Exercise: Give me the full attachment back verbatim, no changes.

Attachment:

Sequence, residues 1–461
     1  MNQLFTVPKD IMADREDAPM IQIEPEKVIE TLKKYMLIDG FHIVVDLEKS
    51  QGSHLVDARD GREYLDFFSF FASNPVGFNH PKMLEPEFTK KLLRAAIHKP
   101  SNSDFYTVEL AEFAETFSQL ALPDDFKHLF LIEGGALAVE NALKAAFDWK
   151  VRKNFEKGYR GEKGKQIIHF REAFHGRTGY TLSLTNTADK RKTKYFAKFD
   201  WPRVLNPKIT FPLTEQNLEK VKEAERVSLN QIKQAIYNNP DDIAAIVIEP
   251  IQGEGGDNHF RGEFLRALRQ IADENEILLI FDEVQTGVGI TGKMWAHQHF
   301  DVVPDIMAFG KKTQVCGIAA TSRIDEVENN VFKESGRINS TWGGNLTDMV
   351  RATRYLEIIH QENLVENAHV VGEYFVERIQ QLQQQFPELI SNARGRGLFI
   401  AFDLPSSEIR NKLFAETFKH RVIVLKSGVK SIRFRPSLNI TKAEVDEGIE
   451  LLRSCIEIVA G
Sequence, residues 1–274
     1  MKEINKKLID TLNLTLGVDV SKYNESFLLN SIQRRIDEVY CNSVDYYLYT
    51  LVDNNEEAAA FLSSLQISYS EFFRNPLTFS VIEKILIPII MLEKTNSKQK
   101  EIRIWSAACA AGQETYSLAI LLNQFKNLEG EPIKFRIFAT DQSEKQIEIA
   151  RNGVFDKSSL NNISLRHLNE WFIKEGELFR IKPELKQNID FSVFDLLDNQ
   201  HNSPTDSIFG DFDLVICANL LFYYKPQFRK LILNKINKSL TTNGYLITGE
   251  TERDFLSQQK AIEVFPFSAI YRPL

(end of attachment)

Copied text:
Sequence, residues 1–461
     1  MNQLFTVPKD IMADREDAPM IQIEPEKVIE TLKKYMLIDG FHIVVDLEKS
    51  QGSHLVDARD GREYLDFFSF FASNPVGFNH PKMLEPEFTK KLLRAAIHKP
   101  SNSDFYTVEL AEFAETFSQL ALPDDFKHLF LIEGGALAVE NALKAAFDWK
   151  VRKNFEKGYR GEKGKQIIHF REAFHGRTGY TLSLTNTADK RKTKYFAKFD
   201  WPRVLNPKIT FPLTEQNLEK VKEAERVSLN QIKQAIYNNP DDIAAIVIEP
   251  IQGEGGDNHF RGEFLRALRQ IADENEILLI FDEVQTGVGI TGKMWAHQHF
   301  DVVPDIMAFG KKTQVCGIAA TSRIDEVENN VFKESGRINS TWGGNLTDMV
   351  RATRYLEIIH QENLVENAHV VGEYFVERIQ QLQQQFPELI SNARGRGLFI
   401  AFDLPSSEIR NKLFAETFKH RVIVLKSGVK SIRFRPSLNI TKAEVDEGIE
   451  LLRSCIEIVA G
Sequence, residues 1–274
     1  MKEINKKLID TLNLTLGVDV SKYNESFLLN SIQRRIDEVY CNSVDYYLYT
    51  LVDNNEEAAA FLSSLQISYS EFFRNPLTFS VIEKILIPII MLEKTNSKQK
   101  EIRIWSAACA AGQETYSLAI LLNQFKNLEG EPIKFRIFAT DQSEKQIEIA
   151  RNGVFDKSSL NNISLRHLNE WFIKEGELFR IKPELKQNID FSVFDLLDNQ
   201  HNSPTDSIFG DFDLVICANL LFYYKPQFRK LILNKINKSL TTNGYLITGE
   251  TERDFLSQQK AIEVFPFSAI YRPL